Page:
BELLFLOWER — This large man who has his own football team has not slept in a while, what with all the all-nighters he's been pulling as a security guard. But that doesn't matter because it is Sunday afternoon, the grass is high and soft, and his players, their helmets strapped on, await him.
So Bob Schremp, a whistle around his thick neck, opens his eyes wide, steps onto the field at Bellflower High School and indulges in the passion which at age 48 is consuming his life.
The owner and coach of the Bellflower Bears semipro team, Schremp is preparing for the new season, trying to give these players, who are on the fringe of organized football far from glory, some strategy and respectability.
"Grizzly dog, grizzly dog!"
In a voice not as loud as you would expect, he yells a defensive formation.
Schremp, who played a season of pro football 26 years ago with the Los Angeles Chargers, is a grizzly himself, over 6 feet tall, 290 pounds with bushy hair and an untamed brown beard getting white on the sides. He wears a blue Los Angeles Rams jacket which manages to cover his stomach.
But Schremp's biggest physical attribute, say those who know him, is his heart. He always seems to be helping someone else.
That is why he is here instead of in bed. The players, who love the game but have insecure futures in it, need help.
"I want them to do their best so they can be proud of themselves," Schremp says as footballs sail above him. "I want people to respect and admire what these guys are doing because it takes a lot of dedication.
"My thrill is getting kids back into college or into the pro ranks."
Schremp can go a long time without a thrill.
Nose guard Ariel Gomez, 25, a 6-foot-1, 255-pound Bears veteran, has on a black Los Angeles Raiders T-shirt but that is wishful thinking. "I'm a high-quality player and I shouldn't be playing at this level," insists Gomez, who played at Downey High School and East Los Angeles College.
Rowdiness Relieves Frustrations
He is typical of many semipro players who lift weights all week, then play, often with a rowdiness, to relieve frustrations. They tend not to believe any opinion that they will never rise higher.
Gomez has been a bit down since the Raiders turned down his recent request for a tryout. "I wrote them a nice letter, me and my girlfriend worked on it," he said.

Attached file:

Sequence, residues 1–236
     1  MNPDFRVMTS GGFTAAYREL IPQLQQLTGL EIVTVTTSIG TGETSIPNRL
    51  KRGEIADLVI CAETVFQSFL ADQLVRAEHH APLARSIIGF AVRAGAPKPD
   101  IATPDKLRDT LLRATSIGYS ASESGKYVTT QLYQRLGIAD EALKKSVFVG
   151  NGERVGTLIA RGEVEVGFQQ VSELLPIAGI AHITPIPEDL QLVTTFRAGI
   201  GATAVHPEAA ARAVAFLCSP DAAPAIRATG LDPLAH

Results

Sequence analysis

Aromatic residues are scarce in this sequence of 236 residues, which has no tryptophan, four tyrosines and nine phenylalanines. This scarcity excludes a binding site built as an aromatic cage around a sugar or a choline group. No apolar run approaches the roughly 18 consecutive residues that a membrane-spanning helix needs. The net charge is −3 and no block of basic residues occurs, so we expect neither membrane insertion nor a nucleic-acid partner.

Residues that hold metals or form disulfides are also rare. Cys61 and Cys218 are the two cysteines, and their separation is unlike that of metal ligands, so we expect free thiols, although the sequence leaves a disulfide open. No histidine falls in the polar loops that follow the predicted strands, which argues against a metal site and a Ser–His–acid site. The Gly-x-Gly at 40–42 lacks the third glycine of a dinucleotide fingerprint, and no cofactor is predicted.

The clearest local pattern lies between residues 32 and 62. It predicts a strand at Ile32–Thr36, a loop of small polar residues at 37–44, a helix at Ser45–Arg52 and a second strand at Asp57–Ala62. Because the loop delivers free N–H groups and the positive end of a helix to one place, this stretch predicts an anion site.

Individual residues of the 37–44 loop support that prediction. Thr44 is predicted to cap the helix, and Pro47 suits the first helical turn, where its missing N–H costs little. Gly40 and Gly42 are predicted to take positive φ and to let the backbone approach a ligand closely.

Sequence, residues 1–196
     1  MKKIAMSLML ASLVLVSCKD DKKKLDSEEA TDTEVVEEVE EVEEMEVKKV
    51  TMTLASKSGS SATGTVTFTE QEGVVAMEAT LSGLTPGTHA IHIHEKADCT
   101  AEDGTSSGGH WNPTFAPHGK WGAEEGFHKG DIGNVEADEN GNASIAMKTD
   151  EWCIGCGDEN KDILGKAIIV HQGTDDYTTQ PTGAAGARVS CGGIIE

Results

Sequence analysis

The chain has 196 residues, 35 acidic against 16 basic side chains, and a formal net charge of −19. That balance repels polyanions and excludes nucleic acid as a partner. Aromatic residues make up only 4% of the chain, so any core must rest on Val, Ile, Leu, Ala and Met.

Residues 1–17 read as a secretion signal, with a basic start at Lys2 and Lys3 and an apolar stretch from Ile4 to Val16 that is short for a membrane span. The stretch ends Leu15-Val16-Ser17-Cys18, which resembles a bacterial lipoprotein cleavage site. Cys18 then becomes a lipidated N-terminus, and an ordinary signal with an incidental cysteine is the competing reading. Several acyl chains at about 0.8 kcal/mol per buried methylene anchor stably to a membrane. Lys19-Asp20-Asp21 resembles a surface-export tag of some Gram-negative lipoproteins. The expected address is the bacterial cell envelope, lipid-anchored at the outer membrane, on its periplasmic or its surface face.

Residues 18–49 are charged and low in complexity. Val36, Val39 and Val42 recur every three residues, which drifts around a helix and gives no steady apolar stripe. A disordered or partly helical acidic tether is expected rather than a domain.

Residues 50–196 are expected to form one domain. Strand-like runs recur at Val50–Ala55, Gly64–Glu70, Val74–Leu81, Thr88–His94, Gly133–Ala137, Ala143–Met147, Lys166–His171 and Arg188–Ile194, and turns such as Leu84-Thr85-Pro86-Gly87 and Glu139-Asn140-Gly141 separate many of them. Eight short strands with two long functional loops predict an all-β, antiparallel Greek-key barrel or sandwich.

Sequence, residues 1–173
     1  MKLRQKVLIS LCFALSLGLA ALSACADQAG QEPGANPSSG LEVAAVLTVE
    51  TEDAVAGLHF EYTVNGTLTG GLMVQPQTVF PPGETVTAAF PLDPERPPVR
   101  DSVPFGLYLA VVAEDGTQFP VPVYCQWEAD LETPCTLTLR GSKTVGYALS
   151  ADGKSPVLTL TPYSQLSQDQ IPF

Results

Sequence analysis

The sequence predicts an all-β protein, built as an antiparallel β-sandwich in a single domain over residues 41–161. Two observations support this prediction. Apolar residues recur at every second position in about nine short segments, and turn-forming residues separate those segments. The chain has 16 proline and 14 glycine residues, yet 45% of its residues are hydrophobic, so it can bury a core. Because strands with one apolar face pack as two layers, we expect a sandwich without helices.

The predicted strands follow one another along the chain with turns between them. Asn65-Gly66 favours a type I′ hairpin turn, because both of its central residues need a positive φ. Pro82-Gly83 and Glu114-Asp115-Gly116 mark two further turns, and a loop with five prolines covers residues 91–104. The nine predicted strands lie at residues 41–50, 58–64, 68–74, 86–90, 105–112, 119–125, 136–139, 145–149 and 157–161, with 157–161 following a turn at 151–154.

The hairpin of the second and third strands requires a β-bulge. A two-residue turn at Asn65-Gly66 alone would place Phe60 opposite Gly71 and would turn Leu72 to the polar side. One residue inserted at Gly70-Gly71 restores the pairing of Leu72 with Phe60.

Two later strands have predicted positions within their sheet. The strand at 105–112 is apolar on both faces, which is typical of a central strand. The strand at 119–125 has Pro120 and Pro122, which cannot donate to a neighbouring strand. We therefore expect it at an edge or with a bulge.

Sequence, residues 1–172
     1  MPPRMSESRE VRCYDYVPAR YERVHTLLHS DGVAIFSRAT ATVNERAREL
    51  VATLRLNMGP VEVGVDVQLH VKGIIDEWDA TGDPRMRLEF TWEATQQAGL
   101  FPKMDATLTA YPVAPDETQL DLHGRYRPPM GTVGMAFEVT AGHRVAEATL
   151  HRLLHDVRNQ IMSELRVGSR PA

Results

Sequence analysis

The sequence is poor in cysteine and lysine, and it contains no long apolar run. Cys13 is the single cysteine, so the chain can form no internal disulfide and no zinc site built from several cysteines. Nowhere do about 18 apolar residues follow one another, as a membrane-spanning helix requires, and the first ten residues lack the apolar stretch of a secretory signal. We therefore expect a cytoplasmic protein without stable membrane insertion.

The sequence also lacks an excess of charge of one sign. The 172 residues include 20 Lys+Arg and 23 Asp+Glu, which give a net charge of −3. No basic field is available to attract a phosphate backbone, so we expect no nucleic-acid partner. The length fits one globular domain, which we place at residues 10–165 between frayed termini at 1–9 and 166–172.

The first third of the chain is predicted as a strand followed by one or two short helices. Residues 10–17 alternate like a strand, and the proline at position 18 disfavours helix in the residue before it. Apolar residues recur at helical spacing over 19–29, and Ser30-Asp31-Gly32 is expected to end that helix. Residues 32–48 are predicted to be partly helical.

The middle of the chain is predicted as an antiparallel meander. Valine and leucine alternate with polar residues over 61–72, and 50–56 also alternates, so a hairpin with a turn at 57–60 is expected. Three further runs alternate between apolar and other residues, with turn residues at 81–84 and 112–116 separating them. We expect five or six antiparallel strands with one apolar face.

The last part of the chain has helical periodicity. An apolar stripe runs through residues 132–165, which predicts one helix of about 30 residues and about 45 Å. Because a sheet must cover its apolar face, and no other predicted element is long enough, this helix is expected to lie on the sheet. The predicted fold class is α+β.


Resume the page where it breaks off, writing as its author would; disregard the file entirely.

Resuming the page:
Gomez jokes around at practice, which doesn't please Schremp, who keeps telling his players, "We're going to put together a serious thing here."
The Bears were no laughing matter last season, winning the championship of the 13-team High Desert League. But Bellflower, dissatisfied with rules, officiating and what Schremp called dirty play, has left that league and will compete in the new Southern California Semipro Football League with the San Fernando Valley Freelancers, Los Angeles Outlaws and Boyle Heights Renegades.
But 20 players have left the Bears.
"It was a splinter group that wanted to tell me what to do," said Schremp, who demands respect. Those players left to go to the Norwalk Express, a team which has folded.
He says he won't miss the 20.
Aggressive at Recruiting
"That taught me not to take any crap," Schremp said. "And it made me more aggressive about going out and getting more athletes."
He went out and got a 284-pound fullback, Vodak Hawkins, and a 6-8, 350-pound tackle, Mike Campbell, both of whom played last year for the Ontario Crush.
He said he found Joe Delmontez, his new quarterback--41-year-old veteran Tom Nordee doubts that he will return--in a gym lifting weights. Delmontez has bulked up from 170 pounds to 225 since he played seven years ago at El Rancho High.
Schremp said he can tell he has more athletes this season by their postpractice habits. "Last year the players drank pitchers of beer," he said. "This year they drink pitchers of iced tea."
On the bench is Schremp's wife of 20 years, Artrice. She sits in the sun, holding a notebook with fingers whose nails are long and fuchsia.
"She handles the petty things," Schremp said.
But Artrice also professes to have some technical knowledge of the game. Last year when she suggested, "You guys aren't sustaining your blocks," a player cursed her, said Schremp, like a truck driver. That player is no longer with the team.
"Some of the players resent her. I think it's jealousy," Schremp said.
In her book are information sheets on each player. Vodak Hawkins had written on his, where it asked to list whom to notify in an emergency, "My wife in the stands."
Next to Artrice is Kim Miller, 9, daughter of linebacker Garth Winger. She's the water girl.
"This year we're going to have cheerleaders and Kim's mom is going to be one," Artrice said. "They want traditional, not sexy," she said of the uniforms they will wear. And across the way, the cheerleaders ran up and down the empty bleachers to get in shape.
One night last week, Schremp was at Shoreline Village in Long Beach. He had on another jacket, this one a darker blue and instead of "Rams" it said "Bob Platt Security."